Patients with end-stage renal disease (ESRD) are at high risk for heart failure, but the prevalence and the prognostic value of asymptomatic systolic dysfunction in these patients are unknown. In this prospective cohort study, the authors have therefore assessed by echocardiography the prevalence and the prognostic value of systolic function as estimated by ejection fraction (EF), fractional shortening at endocardial level (endoFS), and at midwall (mwFS), in a cohort of 254 asymptomatic dialysis patients. Systolic dysfunction had a prevalence rate of 26% by endoFS and of 48% by mwFS. During the follow-up period, 125 patients had one or more fatal and nonfatal CV events. On multivariate COX regression analysis, the three LV systolic function indicators were independently associated with incident fatal and nonfatal CV events, and there were no differences in the predictive power of these indicators (P > 0.30). The prediction power of LV function indicators was largely independent of traditional and novel risk factors in ESRD such as C-reactive protein and asymmetric dimethyl arginine (ADMA). ADMA was significantly related with LV function indicators as well as with mortality and incident CV events, but these links were much reduced (P = NS) in models including LV function indicators. Of note, the risk of CV events was minimal in patients with normal LV mass and function, intermediate in patients with either LVH or systolic dysfunction, and maximal in patients displaying both alterations. The study of myocardial contractility by echocardiography provides prognostic information independently of LV mass and other risk factors in ESRD. Risk stratification by simple systolic function parameters may prove useful in secondary prevention strategies in these patients.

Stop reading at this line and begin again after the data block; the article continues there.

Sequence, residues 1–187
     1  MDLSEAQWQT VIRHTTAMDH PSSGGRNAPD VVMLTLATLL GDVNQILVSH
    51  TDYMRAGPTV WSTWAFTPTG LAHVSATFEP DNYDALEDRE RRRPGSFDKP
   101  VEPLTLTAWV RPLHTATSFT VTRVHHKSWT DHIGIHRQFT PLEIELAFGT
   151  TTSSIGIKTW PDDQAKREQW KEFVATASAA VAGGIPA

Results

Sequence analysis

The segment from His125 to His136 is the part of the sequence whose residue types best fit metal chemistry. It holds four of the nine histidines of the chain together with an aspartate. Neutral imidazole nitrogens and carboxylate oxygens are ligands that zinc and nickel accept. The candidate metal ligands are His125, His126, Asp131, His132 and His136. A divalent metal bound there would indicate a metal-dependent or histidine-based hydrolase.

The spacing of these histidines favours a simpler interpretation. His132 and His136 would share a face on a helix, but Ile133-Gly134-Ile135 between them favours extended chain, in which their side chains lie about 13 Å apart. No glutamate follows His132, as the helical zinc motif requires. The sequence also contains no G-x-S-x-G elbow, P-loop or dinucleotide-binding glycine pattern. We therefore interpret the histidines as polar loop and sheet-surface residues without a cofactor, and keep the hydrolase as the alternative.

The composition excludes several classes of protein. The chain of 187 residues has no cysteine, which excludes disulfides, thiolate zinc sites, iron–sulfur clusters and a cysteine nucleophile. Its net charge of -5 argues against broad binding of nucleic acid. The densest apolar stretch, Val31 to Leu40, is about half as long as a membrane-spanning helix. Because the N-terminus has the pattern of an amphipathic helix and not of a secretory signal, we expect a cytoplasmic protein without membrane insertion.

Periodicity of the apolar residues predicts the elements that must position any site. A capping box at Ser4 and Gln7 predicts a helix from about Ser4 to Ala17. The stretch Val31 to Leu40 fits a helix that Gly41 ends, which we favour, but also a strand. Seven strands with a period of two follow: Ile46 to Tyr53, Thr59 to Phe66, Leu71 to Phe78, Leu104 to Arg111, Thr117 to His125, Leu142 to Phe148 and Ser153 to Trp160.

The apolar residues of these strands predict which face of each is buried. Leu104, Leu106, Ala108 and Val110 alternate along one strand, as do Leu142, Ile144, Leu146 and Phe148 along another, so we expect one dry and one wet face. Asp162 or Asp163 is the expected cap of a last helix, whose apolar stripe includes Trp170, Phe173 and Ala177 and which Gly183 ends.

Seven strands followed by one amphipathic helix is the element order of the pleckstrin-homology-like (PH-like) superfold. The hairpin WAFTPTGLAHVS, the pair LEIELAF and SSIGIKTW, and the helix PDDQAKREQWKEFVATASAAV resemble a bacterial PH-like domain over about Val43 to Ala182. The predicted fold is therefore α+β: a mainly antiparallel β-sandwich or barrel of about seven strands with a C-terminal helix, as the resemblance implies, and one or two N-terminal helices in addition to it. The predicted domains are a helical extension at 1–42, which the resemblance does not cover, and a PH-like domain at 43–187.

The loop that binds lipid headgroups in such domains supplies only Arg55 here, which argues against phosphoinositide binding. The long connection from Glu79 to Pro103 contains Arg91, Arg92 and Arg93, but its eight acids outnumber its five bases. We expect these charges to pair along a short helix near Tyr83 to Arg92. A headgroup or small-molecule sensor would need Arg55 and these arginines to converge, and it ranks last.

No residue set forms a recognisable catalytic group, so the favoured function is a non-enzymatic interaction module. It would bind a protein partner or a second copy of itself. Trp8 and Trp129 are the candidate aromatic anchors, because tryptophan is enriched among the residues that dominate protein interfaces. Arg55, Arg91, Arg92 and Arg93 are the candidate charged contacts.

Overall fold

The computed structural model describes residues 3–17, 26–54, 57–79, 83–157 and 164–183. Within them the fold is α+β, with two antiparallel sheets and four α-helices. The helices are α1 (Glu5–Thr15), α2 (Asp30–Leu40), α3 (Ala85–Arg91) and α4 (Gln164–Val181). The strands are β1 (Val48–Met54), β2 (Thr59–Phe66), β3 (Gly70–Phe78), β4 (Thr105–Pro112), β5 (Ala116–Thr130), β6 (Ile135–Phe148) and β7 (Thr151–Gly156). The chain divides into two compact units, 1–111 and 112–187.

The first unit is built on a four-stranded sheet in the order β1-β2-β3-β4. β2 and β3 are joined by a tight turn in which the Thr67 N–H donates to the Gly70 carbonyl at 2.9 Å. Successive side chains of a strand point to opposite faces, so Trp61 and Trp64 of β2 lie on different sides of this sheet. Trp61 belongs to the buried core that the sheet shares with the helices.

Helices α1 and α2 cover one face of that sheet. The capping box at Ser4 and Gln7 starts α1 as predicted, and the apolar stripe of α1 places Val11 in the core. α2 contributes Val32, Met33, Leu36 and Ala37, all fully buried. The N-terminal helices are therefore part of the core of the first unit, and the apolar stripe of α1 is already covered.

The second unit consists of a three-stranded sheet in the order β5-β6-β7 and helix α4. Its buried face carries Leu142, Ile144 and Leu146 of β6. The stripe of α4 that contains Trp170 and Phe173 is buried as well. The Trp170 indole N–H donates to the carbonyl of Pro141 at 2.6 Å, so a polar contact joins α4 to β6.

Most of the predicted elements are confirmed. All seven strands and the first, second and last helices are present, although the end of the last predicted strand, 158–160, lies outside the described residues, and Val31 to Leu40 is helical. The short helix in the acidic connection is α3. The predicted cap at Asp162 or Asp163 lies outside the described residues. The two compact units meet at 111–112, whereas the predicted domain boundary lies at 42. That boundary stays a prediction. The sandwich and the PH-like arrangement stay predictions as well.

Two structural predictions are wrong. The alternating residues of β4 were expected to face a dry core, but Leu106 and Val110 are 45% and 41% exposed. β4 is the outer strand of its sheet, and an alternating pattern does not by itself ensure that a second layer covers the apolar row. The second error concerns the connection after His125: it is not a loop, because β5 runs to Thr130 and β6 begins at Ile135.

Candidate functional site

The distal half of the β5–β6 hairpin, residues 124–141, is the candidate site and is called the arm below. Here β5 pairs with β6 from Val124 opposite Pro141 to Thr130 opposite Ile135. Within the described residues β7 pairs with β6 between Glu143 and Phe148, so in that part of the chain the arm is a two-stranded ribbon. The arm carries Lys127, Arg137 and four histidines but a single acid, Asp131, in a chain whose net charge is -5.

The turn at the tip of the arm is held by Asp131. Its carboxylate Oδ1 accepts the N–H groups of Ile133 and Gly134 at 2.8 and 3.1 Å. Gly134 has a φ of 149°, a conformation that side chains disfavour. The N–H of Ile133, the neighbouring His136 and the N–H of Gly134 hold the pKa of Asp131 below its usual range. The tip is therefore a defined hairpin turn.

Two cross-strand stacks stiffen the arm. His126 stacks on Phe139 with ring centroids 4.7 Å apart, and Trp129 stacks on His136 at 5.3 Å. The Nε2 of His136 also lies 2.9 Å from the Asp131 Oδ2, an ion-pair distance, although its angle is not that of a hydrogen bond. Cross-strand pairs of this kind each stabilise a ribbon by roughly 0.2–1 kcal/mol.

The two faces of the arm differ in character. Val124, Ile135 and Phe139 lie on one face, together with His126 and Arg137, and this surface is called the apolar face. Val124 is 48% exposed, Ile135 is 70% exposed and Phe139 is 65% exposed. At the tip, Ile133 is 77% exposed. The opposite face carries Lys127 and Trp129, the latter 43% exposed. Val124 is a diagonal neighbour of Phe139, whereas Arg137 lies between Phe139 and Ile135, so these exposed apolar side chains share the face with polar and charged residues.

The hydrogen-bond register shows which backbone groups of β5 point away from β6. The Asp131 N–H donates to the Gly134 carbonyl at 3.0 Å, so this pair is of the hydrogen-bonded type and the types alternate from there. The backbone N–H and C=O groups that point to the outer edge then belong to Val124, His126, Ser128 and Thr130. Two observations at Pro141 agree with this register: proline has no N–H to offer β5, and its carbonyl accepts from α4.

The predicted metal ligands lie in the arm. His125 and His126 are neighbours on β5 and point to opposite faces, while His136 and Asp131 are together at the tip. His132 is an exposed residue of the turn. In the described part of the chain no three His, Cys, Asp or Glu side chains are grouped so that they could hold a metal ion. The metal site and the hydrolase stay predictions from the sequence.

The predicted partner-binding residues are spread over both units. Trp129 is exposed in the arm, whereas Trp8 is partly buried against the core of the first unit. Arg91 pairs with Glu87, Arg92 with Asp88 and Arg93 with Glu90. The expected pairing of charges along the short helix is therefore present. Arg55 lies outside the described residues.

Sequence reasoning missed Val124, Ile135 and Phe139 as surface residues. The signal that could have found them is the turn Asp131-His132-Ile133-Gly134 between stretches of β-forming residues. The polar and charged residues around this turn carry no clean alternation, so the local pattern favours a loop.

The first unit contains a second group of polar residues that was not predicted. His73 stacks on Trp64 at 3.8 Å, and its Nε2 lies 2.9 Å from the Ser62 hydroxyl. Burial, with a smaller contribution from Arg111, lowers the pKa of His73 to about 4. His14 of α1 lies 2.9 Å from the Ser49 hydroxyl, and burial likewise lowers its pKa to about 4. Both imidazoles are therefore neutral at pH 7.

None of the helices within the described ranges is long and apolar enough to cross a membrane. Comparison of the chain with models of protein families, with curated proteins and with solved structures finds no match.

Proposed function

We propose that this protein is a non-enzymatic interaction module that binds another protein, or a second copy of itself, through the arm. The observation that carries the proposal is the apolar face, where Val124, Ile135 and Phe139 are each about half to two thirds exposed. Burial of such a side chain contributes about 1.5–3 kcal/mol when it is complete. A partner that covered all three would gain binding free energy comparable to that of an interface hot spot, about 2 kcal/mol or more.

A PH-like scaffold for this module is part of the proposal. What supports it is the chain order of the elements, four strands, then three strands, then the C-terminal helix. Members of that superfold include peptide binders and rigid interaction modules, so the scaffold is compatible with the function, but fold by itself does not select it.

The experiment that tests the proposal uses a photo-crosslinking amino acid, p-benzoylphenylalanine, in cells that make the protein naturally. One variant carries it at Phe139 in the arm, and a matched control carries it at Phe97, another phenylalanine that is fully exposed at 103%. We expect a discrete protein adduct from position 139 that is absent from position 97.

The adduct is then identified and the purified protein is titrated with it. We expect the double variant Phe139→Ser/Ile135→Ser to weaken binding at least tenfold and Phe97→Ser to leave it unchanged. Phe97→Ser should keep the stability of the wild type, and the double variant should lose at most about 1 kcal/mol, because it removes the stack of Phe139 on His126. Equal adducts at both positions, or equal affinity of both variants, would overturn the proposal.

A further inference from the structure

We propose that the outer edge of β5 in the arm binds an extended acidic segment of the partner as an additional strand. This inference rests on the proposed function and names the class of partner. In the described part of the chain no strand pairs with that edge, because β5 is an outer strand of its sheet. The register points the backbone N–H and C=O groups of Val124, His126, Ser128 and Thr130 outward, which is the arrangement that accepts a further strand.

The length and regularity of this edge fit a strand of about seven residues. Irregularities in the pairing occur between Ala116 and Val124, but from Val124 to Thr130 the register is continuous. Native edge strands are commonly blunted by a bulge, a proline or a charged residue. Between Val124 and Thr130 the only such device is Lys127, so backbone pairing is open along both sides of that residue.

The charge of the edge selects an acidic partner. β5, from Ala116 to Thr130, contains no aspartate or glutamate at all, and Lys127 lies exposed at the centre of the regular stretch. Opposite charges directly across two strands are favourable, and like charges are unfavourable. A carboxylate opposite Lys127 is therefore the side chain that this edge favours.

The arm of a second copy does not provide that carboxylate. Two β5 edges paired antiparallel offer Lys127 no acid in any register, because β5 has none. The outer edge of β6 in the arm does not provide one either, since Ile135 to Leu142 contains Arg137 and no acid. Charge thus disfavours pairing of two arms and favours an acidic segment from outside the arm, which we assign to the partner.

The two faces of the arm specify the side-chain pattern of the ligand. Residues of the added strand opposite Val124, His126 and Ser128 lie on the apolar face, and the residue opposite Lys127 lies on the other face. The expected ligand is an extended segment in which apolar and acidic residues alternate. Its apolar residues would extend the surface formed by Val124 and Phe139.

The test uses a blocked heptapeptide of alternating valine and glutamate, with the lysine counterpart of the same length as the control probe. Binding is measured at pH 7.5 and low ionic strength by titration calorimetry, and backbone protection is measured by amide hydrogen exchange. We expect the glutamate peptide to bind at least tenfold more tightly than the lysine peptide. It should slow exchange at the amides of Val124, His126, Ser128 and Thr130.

|Original language||English (US)|
|Number of pages||9|
|Journal||Journal of the American Society of Nephrology|
|State||Published - Apr 1 2004|
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